The relay race

Prev Next

With the advent of remote control for high-end stereo equipment, relays became the input selector of choice. Where once we used a wiping rotary selector and stressed over contact materials for best sound, suddenly the game changed yet again. The advantage of a relay are two fold: instead of a hand turning a knob or punching a button, relays work with a pulse of electricity, and they can be placed next to where they are needed (as opposed to a mechanical switch that must be positioned where it is accessible). But they too have their disadvantages. A mechanical switch tends to be self cleaning, while relays are not. Every time you turn a mechanical switch or push a mechanical button, the contacts are cleaned by the wiping action of the switch. Relays are different. They do not wipe. They slap. Here's a picture of a relay's contacts. relay_contacts_closeup Note the round button. This is the contact area that slaps together making connection (it's also partly responsible for the "click" you hear when it engages). Once connected there's little difference in performance between the mechanical switch and this contact. They both rely on the contact material: rhodium, gold, silver, and exotic brews for improved conductivity and long oxidation-free life. For the curious among you, relay's work like loudspeakers—using a magnetic field to pull them in one direction or another. The electrical pulse activates a coil of wire, similar to the voice coil of a woofer, and pulls the contacts closed or open. So, we've covered the two types of physical switches employed to select inputs. Tomorrow, the electronic switch.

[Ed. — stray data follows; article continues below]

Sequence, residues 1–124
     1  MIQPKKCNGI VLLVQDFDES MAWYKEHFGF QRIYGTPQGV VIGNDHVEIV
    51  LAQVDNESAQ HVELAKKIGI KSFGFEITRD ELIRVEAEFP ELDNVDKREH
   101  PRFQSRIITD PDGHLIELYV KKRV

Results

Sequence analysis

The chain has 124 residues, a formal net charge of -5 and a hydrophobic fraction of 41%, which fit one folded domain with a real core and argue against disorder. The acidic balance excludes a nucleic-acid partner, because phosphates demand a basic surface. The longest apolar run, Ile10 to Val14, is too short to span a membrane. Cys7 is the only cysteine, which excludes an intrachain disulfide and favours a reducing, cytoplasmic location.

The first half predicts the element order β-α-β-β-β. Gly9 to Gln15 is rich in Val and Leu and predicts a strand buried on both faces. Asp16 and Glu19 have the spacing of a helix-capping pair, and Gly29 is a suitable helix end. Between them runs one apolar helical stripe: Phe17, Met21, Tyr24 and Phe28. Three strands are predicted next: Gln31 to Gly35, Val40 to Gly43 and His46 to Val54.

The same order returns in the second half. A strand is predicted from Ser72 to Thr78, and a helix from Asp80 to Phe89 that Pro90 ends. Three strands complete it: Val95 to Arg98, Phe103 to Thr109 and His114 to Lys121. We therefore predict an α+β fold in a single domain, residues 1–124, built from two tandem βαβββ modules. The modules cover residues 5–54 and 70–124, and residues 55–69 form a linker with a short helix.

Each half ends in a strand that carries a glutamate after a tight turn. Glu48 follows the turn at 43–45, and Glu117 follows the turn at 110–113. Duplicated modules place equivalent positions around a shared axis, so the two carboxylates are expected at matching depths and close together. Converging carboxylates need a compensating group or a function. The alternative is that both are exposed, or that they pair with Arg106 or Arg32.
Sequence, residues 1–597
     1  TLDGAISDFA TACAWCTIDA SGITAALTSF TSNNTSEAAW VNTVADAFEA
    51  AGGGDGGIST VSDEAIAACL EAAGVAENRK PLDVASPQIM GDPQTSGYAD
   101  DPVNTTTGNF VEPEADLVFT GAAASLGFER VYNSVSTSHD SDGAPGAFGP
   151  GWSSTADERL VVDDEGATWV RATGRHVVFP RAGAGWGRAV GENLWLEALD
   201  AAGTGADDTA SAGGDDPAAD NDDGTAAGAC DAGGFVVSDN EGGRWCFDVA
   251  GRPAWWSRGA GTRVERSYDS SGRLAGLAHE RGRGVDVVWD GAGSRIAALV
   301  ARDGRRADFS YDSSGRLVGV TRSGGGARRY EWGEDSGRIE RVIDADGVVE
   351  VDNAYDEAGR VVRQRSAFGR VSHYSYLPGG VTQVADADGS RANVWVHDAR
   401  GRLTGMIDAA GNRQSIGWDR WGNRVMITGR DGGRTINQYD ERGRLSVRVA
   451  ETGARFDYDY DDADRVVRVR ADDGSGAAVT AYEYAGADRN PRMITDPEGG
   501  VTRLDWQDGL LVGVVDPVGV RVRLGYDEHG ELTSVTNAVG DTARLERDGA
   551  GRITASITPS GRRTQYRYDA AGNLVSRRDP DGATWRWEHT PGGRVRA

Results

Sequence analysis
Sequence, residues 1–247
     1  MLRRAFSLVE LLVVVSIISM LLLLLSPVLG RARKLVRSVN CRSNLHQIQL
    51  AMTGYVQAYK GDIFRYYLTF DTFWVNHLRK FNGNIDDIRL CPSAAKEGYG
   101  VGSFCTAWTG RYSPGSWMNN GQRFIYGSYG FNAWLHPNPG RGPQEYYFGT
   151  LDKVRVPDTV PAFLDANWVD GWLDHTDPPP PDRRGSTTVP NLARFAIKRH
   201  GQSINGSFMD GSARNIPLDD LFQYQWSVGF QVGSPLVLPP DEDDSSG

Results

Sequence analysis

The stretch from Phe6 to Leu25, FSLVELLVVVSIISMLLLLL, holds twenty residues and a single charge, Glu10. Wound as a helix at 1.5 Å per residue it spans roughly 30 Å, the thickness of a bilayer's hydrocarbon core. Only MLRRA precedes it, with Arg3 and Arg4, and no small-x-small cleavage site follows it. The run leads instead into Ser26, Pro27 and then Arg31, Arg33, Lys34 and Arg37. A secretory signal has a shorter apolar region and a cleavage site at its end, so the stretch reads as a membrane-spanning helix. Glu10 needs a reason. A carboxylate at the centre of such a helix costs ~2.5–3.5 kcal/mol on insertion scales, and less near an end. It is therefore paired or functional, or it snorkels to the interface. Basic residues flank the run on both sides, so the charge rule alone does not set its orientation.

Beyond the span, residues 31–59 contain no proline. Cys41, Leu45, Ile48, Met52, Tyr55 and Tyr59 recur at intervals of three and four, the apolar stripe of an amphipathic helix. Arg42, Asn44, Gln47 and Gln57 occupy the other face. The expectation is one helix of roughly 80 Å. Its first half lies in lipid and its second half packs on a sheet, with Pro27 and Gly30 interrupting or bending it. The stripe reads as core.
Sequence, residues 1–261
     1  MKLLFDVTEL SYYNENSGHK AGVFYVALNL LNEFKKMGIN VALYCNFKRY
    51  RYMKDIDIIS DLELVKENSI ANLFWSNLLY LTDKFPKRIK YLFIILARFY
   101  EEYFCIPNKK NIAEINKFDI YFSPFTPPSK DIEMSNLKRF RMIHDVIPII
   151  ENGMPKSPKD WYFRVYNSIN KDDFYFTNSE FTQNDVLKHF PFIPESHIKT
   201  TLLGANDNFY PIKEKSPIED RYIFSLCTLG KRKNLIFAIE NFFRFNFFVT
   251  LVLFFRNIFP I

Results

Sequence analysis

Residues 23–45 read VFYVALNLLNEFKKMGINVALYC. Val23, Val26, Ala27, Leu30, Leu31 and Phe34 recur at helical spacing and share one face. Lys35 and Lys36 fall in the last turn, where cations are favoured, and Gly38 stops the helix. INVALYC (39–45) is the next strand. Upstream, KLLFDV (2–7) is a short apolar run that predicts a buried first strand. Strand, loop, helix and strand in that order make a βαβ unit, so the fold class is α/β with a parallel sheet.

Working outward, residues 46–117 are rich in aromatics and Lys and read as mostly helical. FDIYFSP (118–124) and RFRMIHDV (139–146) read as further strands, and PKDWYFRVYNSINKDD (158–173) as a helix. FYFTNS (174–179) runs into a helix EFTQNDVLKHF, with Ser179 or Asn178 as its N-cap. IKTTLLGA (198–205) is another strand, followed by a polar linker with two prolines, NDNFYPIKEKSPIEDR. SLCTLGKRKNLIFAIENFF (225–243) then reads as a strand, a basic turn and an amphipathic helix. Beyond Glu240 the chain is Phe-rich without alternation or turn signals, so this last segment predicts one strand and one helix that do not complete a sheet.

Back to blog
Paul McGowan

Founder & CEO

Never miss a post


Related Posts

1 of 2